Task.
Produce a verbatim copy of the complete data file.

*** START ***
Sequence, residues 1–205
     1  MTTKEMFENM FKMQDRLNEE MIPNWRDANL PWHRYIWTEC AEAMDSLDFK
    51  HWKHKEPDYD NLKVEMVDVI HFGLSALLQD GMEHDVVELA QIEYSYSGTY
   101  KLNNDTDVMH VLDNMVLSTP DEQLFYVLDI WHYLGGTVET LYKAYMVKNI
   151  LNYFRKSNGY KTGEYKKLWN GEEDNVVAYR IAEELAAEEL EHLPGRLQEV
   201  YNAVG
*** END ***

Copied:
Sequence, residues 1–205
     1  MTTKEMFENM FKMQDRLNEE MIPNWRDANL PWHRYIWTEC AEAMDSLDFK
    51  HWKHKEPDYD NLKVEMVDVI HFGLSALLQD GMEHDVVELA QIEYSYSGTY
   101  KLNNDTDVMH VLDNMVLSTP DEQLFYVLDI WHYLGGTVET LYKAYMVKNI
   151  LNYFRKSNGY KTGEYKKLWN GEEDNVVAYR IAEELAAEEL EHLPGRLQEV
   201  YNAVG